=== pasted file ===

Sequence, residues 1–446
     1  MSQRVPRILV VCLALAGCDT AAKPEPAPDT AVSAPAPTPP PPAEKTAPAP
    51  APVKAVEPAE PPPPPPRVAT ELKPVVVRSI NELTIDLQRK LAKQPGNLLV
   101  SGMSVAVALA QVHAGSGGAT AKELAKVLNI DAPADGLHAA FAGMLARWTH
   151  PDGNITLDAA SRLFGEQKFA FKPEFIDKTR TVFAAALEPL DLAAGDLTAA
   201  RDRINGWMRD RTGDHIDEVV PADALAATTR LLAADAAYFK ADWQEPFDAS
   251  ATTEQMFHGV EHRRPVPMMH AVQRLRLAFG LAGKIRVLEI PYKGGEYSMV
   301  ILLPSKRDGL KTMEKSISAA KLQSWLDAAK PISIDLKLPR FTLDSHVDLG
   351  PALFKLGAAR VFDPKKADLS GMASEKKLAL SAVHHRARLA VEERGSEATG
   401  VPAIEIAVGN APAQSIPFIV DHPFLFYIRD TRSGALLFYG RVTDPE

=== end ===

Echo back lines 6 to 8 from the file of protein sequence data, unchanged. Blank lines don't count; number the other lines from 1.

   201  RDRINGWMRD RTGDHIDEVV PADALAATTR LLAADAAYFK ADWQEPFDAS
   251  ATTEQMFHGV EHRRPVPMMH AVQRLRLAFG LAGKIRVLEI PYKGGEYSMV
   301  ILLPSKRDGL KTMEKSISAA KLQSWLDAAK PISIDLKLPR FTLDSHVDLG